A few weeks after moving to Thailand, I had a few days of feeling sad and a bit down. I’m guessing neither emotion is particularly uncommon to have in the midst of our current life circumstances. However, being the introspect I am
cursed blessed to be, I wondered where those feelings were coming from. Was I down because I was feeling a bit like a bird who had had its wings clipped due to my loss of independence? Was it because I missed my friends back home? Maybe it was because my husband had returned to work and I missed seeing him as regularly as we did the first few weeks here? Actually, it was probably a bit of all of those things plus others I was unaware of.
I was eventually able to put my finger on it. I was struggling because I had lost many of my tools.
We’re not talking about power saws, hammers, and screwdrivers here, but the tools each of us uses in order to navigate the roles we hold. I have a specific set of tools that helps me to be a somewhat “competent” (whatever that means) mother, manager of our home, and wife, to name my three biggest roles. If I don’t yet have some necessary tools, I (hopefully) am working on developing them. Let’s take my role of motherhood as the example for the remainder of this post. A few of my non-tangible “mothering tools” are the attitudes and philosophy I approach parenting with. Other tools are tangible – for example: the list (often mental) of activities I often do with my kids, the skills I want to be working on with each of them, the snacks and meals I feed them, and the groups of friends I often initiate playdates with, just to list a few. These tools help me to mother my kids individually in the ways Shun-Luoi and I feel are best for them as well as our whole family.
But what if I can’t easily get to the grocery store? What if the foods or snacks I am accustomed to feeding my kids are somewhat expensive here or I can’t even read the labels on the food in the stores? What if I don’t have a car in which to take my kids to try out different kid-friendly places I would normally have been to by now? And if I did have a car, what would I do when I don’t know how to drive in the right side of the car and on the left side of the street? What if my kids have no friends with whom to even initiate playdates?
Moving to Thailand has caused me to lose most of the tools I had acquired in America that helped me be the competent (again, used loosely) mother I knew how to be. Now what?
It doesn’t take a rocket scientist to figure out the answer to that question. However, I spent a day or two of “chafing” under my new reality bemoaning the fact of not being able to do this or not having the resources to do that. After those few days, I realized that chafing was not going to be helpful for anyone. Is any kind of chafing ever a good thing? Not that I know of, although I’m sure I could find some instance where it is if I researched long enough. But, in relation to this discussion, chafing is a bad thing. I needed to move past the chafing stage and instead accept my new set of life circumstances along with the reality that I was going to need to develop some new tools. See? No rocket science needed to make that deduction.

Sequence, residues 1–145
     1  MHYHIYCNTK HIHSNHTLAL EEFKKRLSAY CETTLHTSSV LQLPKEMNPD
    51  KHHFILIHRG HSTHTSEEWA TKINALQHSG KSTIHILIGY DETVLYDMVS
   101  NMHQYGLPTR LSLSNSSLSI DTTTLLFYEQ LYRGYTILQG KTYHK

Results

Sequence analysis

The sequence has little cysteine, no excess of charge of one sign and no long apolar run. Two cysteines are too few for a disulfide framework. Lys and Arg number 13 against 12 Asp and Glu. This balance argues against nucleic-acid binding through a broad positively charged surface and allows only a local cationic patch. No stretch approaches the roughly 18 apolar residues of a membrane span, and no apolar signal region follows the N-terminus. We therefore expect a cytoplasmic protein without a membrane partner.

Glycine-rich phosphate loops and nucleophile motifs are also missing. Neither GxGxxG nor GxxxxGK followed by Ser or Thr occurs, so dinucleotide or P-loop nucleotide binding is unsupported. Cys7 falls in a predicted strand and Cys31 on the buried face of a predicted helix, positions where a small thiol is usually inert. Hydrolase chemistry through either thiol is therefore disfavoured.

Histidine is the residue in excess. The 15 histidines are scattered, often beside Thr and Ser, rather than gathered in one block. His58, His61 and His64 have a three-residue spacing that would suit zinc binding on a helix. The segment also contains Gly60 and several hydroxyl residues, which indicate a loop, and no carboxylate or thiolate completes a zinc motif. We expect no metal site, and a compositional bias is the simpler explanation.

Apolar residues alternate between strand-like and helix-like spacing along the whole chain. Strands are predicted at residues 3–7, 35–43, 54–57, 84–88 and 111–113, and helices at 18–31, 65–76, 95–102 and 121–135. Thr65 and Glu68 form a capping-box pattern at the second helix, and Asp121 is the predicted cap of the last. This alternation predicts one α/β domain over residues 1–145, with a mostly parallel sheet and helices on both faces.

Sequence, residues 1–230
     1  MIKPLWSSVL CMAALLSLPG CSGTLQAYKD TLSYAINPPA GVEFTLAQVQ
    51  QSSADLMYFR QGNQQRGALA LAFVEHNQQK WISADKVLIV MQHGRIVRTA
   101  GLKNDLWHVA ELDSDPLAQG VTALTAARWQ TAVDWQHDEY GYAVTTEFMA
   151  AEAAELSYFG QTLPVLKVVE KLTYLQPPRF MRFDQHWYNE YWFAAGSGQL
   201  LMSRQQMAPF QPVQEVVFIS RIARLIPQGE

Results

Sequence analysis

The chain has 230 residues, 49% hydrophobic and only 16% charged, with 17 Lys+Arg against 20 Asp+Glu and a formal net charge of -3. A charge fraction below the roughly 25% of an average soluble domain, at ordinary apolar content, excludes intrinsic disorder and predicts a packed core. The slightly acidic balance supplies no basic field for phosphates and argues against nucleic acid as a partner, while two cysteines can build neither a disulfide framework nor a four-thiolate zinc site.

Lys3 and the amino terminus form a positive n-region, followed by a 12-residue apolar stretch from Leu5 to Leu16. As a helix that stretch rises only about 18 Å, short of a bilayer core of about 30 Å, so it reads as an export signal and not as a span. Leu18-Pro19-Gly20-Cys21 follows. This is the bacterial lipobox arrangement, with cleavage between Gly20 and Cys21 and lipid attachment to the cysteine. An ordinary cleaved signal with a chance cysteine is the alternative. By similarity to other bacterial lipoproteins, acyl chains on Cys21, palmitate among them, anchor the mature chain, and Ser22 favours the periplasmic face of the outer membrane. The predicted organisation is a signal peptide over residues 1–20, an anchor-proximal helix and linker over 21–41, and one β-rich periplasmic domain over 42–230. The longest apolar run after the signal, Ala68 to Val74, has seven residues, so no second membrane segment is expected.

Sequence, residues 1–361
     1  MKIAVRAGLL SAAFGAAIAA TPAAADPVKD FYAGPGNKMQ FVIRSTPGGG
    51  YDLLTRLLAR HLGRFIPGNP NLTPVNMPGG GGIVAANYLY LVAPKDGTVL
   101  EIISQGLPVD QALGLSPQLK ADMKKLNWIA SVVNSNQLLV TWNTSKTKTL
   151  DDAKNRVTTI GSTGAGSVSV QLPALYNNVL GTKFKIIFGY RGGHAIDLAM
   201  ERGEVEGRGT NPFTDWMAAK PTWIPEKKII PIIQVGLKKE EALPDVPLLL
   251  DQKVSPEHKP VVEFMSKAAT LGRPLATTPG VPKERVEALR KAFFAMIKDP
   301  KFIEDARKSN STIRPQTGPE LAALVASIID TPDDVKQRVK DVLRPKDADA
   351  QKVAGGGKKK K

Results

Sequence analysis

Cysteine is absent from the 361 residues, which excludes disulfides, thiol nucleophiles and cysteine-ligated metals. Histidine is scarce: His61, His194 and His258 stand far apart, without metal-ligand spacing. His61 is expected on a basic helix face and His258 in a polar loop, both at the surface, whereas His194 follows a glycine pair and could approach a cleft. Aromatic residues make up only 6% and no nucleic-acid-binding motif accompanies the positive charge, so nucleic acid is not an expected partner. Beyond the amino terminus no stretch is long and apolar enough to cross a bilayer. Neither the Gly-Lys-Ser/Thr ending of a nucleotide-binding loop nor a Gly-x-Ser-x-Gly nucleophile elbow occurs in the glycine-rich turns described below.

Along the way, I’m learning some important principles about the new tools I will develop for my tool belt.
- Attempting to re-create similar tools that “worked” well for me in America while here will probably lead to frustration. I live in a very different culture with different resources available. I can’t try to transplant all that I did in America to here, and that’s ok.
- Ask expatriate mothers who have lived here longer to share specific ways they have learned to carry out their role as mothers while living here. Other women here are already doing it – I need to be humble enough to learn from them and be open to new things, even if I would never have previously considered using the tools they suggest.
- Watch how the Thai mothers mother their kids (and/or ask them if possible). For pete’s sake, if I won’t be open to learning from the Thai in their own country, then how arrogant am I? At the same time, I need to accept that not every tool will transfer across cultures and not try to force myself into mothering like a Thai woman when I am not Thai.
- Get comfortable with the fact that re-stocking my tool belt will take some time. Just as I gained some new tools when I first became a mother of one, then some different tools when I had my 2nd child, my new tools will also take time to acquire.
Enough time has been spent chafing. Now it’s time to learn, grow, and add some new tools to the old belt. It will surely be interesting to see what that belt holds 6 months from now!
Have you ever had a season in life that demanded you acquire some new tools for a role you hold? What did that process look like? Expat moms, do you have any advice to pass along?